Abigail Klein Leichman
March 4, 2014

Some of the best brains in Israel and the United States are paired up this year to do brain research.

The catalyst that brought them together was the Henry J. Leir Brandeis-Israel Research Initiative, a $750,000 grant to strengthen collaborations among Israeli scientists and their peers at Brandeis University in Massachusetts involved in “Sustaining the Mind,” a project to probe the science underlying Alzheimer’s, Parkinson’s, ALS and other neurological diseases affecting millions.

Eytan Domany, Avraham Yaron and Misha Tsodyks of the Weizmann Institute of Science in Rehovot, and Noam Ziv of the Technion-Israel Institute of Technology in Haifa, traveled to Brandeis last August to present their research to faculty, postdoctoral fellows and graduate students at the Leir Foundation Neuroscience Symposium.

“We are very excited to be part of an initiative that, in the long term, will enable innovation that begins in the laboratory and extends to the global stage, allowing for new lines of inquiry and groundbreaking research,” said Brandeis Provost Steve A.N. Goldstein.

The exchange will also involve sending graduate students back and forth between the institutions, and two years of research at Brandeis by Israeli postdoctoral fellows.

Ziv, a professor of neuro-engineering at the Technion, served on the committee to select winning proposals.

“The criteria were to choose real collaborations that follow the spirit of the Leir Foundation, to promote young people without established ties with Brandeis,” he tells ISRAEL21c. “At the end, two seed projects were selected, and there will be another round in April.”

Project 1: How synapses form

For Avraham Yaron, the Leir grant enables him to formalize a research relationship with Suzanne Paradis of Brandeis on the semaphorin molecules that regulate the creation of connections (synapses) between neurons.

“I have known Dr. Paradis for a while, through our mutual interest in synapse formation,” Yaron tells ISRAEL21c, “so when this opportunity came along we immediately thought to collaborate.”

He explains that while Paradis studies how these molecules form synapses, he looks at the larger semaphorin family to research the biochemistry that helps axons – which conduct impulses from one cell to another — find their targets.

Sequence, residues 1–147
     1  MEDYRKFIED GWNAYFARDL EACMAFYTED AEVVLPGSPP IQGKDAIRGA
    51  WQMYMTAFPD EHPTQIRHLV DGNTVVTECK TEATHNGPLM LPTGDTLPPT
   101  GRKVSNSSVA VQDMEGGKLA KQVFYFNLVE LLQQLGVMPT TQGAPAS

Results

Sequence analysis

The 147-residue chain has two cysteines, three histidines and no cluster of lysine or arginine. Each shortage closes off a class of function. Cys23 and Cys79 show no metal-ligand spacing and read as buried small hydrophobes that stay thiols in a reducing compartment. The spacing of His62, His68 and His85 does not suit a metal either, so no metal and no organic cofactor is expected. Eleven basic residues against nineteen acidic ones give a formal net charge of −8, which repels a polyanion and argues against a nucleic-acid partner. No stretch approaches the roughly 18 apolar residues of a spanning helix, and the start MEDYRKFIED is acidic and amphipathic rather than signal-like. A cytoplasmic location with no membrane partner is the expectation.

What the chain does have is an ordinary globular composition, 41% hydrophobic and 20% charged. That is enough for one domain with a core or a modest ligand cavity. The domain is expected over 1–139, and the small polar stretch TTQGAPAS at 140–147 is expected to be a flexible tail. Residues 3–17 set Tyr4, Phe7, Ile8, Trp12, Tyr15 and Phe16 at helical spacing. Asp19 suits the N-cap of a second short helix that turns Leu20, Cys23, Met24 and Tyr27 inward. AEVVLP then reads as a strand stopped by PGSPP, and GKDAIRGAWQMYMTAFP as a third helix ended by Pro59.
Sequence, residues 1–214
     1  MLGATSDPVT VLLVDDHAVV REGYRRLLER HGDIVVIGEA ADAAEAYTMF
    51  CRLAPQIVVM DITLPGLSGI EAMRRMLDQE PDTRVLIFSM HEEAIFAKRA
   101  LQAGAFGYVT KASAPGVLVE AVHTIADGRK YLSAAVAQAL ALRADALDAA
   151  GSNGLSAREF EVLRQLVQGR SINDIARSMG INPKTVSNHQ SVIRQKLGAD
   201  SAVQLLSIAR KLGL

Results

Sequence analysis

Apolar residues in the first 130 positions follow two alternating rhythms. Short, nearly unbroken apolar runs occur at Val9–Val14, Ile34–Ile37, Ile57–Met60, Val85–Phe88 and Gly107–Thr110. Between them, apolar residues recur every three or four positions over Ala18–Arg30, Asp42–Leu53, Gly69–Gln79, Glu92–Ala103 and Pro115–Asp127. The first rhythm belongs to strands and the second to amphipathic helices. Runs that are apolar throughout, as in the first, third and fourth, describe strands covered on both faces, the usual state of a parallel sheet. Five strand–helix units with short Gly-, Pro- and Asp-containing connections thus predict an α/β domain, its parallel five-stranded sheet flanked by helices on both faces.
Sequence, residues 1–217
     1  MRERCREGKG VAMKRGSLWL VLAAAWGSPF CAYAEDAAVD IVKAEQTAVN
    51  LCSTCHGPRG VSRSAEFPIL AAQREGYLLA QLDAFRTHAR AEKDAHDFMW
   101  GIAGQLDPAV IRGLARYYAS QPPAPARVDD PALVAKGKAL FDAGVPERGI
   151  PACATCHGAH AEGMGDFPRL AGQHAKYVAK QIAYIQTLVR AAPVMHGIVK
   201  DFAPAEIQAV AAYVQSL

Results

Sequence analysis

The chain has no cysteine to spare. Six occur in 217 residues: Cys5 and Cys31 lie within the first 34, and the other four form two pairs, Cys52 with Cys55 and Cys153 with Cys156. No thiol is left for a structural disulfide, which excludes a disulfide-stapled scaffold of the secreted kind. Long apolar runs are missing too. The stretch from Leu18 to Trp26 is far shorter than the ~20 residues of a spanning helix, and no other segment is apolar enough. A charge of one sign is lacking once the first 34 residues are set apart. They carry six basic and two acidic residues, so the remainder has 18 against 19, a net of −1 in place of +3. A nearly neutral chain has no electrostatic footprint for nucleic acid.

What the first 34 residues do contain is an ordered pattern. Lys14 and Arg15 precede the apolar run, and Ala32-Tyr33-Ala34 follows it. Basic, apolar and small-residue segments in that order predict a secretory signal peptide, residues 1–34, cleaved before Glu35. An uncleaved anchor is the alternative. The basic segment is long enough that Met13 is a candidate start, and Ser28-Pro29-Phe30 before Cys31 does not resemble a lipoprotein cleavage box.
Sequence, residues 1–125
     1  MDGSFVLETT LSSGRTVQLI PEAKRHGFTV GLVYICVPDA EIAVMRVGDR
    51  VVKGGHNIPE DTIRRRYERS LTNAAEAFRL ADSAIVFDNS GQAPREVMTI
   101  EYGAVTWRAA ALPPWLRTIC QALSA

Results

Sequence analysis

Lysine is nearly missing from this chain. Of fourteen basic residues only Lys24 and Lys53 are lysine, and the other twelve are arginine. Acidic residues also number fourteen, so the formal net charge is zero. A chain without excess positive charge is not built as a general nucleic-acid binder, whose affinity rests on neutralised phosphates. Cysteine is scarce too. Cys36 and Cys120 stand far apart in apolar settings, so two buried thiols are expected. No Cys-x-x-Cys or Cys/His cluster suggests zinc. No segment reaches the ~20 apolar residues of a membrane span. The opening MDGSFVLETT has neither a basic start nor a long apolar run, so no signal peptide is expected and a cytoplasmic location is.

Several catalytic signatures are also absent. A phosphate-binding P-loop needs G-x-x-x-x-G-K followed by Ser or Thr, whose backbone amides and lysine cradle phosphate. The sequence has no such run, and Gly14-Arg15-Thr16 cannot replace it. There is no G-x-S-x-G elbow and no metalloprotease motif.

“It’s a natural fit that we would collaborate to dig deeper into how semaphorins tell a neuron to build a synapse,” Paradis commented.

The two scientists believe that the way synapses form and change throughout life forms the basis of the functionality of the nervous system, from simple activities to learning and memory.

“Through our mutual studies, we can contribute to an understanding of how they change throughout life and the molecular basis of the nervous system,” Yaron says. “The idea is to do initial studies with the Leir funds and use the data to ask for more grants to continue further studies.”

“People approach their science differently in different countries, so when you collaborate and cross fertilize, you get a whole slew of different ideas that build on so many different experiences,” Paradis added.

Project 2: How cell walls are reshaped

The second Leir-funded collaboration involves Brandeis Assistant Professor Avi Rodal (biology), Hebrew University Associate Professor Daniel Harries (chemistry) and Technion Associate Professor Dganit Danino (biotechnology and food engineering).

Harries tells ISRAEL21c that the three of them had separately been studying a different aspect of BAR domain proteins, whose role is to “sculpt and remodel” the lipid membranes that encapsulate living cells and the organelles within cells. The membrane must reshape itself to allow for a cell to ingest food, or to transport materials to another cell.

Understanding how BAR domain proteins perform their function in nerve cells could provide a clue to many diseases that can affect these cells, including ALS and Alzheimer’s.

“The Leir Brandeis-Israel initiative is what brought us together on this topic,” Harries explains.

“Avi is a cell biologist doing experiments in living cells to see how the proteins change the shape of the membranes. Dganit is a specialist in cryo-electron microscopy, where she freezes a sample to suspend what was going on inside and looks at it to see kind of structures these proteins form. I am a theoretician, making computerized models of the lipid membranes and proteins, in order try to decipher how different interactions govern the shape.”

The grant will allow mutual visits among them and their students, while on a more daily basis they communicate through Skype conference calls or emailing.

Arthur Wingfield, chair of the neuroscience program at Brandeis, said that the distance between the two groups of researchers shouldn’t impede their progress.

“The neuroscience community is a truly international one,” he said. “So these collaborations are very natural and very easy.”

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